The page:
Nothing bad happened. Quite the opposite; we went to a family party and caught up with people we haven’t seen for a couple of years. It was lovely, but it was also exhausting. All that talking and smiling and having the same conversation over and over again – I haven’t had to work so hard in ages, and it wore me out. I went to bed at 6pm on Saturday and didn’t even get out of my jim-jams on Sunday. It took me be surprise. I’ve been feeling pretty bright and bouncy lately, fueled by my creativity and all the work I’ve been doing on myself, but expending all that social energy knocked me for six, and yesterday I found myself feeling down and frustrated. I started criticising myself: come on, girl, it’s been a year, you should be back to normal buy now … pull your socks up, woman  … get in the shower, you lazy moo. That kind of thing. It look me a little while of thinking like this to remember that being hard on myself doesn’t do me any good. In fact, it’s bad for me.

Anyhoo … On to what I was planning to write about. The picture at the top of this post is another page from the bullet journal I was using last Spring. It’s part of the notes I made from a workshop called ‘Compassion Focused Skills’ that I attended while in hospital. It consisted of two three-hour-long sessions, so I won’t go into all the detail, but we talked about compassion, what it is and what qualities people who are compassionate have. We learned about the brain, about or ‘old’ brain and our ‘new’ brain and the roles they play in our thinking and our responses to threat. And we learned about the three emotion systems that influence our behaviour and motivation: the drive system, the threat system and the soothing system. We also learned how we can identify what system we’re in at any given moment, particularly, how we can activate our soothing system to regulate our threat system. It’s pretty cool stuff.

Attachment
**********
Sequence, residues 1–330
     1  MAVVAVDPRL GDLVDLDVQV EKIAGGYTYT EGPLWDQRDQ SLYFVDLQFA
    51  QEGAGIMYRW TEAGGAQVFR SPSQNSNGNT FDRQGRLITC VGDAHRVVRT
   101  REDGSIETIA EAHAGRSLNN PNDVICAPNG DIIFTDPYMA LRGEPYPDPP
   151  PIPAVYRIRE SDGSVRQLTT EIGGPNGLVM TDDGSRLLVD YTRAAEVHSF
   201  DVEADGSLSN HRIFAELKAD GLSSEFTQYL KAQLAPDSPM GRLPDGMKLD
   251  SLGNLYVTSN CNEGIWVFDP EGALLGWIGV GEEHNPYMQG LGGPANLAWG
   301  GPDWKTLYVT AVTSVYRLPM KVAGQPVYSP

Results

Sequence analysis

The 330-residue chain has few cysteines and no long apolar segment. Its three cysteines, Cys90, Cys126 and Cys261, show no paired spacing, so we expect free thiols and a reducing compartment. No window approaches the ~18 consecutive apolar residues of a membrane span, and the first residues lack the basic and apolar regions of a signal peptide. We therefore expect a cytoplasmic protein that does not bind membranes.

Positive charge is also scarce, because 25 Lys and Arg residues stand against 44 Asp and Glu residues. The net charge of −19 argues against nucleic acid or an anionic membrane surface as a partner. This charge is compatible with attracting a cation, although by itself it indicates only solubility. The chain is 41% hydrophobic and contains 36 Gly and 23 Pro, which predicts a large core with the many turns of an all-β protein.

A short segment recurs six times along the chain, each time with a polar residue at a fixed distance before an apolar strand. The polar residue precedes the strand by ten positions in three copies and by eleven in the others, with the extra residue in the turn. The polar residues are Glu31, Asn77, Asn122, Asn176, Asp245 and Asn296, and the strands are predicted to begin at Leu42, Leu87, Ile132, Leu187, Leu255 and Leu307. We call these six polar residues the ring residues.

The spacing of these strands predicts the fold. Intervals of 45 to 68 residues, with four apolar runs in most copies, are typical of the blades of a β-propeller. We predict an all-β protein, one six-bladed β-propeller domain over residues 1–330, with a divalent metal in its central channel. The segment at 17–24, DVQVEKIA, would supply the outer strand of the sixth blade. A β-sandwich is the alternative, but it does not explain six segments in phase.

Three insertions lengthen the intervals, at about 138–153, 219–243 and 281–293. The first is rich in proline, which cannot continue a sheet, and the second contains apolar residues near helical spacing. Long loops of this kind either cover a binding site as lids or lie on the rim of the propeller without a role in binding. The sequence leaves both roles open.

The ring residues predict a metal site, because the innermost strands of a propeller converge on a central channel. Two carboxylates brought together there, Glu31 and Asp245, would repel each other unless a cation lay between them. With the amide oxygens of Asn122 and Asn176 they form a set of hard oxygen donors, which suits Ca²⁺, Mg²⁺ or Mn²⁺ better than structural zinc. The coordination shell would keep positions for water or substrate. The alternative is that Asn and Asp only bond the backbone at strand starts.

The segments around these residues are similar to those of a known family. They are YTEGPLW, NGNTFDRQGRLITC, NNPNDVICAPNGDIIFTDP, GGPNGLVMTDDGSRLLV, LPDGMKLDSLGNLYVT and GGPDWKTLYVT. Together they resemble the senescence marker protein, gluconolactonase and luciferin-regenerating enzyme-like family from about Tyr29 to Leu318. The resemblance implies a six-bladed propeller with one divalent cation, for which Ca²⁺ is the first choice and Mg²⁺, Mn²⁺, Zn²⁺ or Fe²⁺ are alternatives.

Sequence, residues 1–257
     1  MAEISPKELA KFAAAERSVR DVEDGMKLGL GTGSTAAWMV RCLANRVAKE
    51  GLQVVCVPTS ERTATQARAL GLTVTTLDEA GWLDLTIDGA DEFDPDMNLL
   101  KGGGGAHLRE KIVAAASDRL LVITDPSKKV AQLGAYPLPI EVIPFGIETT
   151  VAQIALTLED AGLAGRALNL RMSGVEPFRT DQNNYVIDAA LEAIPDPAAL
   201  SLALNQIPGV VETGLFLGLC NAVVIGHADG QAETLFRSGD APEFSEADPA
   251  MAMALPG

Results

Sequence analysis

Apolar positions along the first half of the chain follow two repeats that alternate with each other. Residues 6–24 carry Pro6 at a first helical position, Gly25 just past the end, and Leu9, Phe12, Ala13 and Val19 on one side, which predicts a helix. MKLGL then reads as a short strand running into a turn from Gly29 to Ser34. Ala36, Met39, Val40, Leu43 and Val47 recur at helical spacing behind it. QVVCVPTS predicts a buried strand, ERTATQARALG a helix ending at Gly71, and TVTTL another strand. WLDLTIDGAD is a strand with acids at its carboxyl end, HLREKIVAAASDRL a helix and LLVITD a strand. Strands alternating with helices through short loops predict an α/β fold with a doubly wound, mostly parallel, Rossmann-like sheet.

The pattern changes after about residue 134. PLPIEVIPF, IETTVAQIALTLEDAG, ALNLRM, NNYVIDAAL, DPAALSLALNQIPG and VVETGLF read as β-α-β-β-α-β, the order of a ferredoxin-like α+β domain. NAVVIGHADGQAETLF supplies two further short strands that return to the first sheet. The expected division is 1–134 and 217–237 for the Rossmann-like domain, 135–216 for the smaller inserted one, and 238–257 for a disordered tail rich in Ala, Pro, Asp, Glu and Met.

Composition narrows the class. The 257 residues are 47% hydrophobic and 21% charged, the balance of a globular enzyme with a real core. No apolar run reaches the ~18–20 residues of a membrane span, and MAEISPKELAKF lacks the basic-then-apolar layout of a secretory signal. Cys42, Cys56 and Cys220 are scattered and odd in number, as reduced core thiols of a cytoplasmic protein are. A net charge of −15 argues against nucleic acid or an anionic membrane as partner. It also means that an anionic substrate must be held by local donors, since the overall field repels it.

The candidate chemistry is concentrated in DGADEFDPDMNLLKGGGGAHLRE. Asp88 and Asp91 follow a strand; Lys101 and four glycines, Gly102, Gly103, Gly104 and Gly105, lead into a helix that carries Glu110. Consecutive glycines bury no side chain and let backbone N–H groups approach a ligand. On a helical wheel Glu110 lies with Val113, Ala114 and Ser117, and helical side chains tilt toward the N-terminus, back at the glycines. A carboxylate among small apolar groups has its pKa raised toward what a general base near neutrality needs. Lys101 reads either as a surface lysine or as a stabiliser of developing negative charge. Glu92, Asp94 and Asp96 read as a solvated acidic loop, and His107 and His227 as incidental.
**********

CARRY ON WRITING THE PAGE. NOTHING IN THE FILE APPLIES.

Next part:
Being self-compassionate can play a big part in regulating our threat system, the system that’s triggered when we sense a threat and that sends adrenaline and cortisol coursing through our body, making us feel angry, anxious or scared. It’s our flight, fight, freeze and appease system. Being compassionate toward ourselves can trigger our soothing system which helps us manage our distress via the release of oxytocin, sometimes called the ‘love’ hormone. It makes us to feel safe and protected, cared-for and contented.